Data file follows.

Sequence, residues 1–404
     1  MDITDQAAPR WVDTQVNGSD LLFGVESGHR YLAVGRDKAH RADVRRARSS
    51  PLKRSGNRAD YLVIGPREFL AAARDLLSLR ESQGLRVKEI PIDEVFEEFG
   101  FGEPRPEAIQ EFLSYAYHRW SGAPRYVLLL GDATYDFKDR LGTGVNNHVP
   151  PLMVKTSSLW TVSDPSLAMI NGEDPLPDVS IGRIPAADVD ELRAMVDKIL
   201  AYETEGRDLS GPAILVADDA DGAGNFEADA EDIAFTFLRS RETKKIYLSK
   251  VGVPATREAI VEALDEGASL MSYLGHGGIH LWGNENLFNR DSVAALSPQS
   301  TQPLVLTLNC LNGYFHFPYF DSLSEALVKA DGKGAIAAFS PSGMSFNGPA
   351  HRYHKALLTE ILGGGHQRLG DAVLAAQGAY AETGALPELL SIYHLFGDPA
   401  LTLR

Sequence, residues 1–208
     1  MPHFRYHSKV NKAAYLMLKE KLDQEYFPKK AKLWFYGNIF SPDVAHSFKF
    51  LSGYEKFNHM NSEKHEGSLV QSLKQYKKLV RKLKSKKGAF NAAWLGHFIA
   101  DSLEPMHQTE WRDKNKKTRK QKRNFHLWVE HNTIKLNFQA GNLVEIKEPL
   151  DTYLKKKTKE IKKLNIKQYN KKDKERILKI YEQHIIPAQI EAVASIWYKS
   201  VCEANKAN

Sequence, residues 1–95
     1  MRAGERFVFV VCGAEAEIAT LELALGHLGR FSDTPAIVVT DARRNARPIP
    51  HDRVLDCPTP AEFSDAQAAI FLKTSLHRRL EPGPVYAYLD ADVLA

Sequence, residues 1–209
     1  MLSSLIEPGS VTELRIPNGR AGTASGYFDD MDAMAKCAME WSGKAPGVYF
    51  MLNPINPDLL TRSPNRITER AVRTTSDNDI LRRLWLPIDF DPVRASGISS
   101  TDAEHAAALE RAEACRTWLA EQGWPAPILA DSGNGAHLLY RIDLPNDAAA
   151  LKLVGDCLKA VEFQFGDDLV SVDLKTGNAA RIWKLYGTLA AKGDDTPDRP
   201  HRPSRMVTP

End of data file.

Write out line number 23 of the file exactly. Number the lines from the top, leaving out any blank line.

   101  TDAEHAAALE RAEACRTWLA EQGWPAPILA DSGNGAHLLY RIDLPNDAAA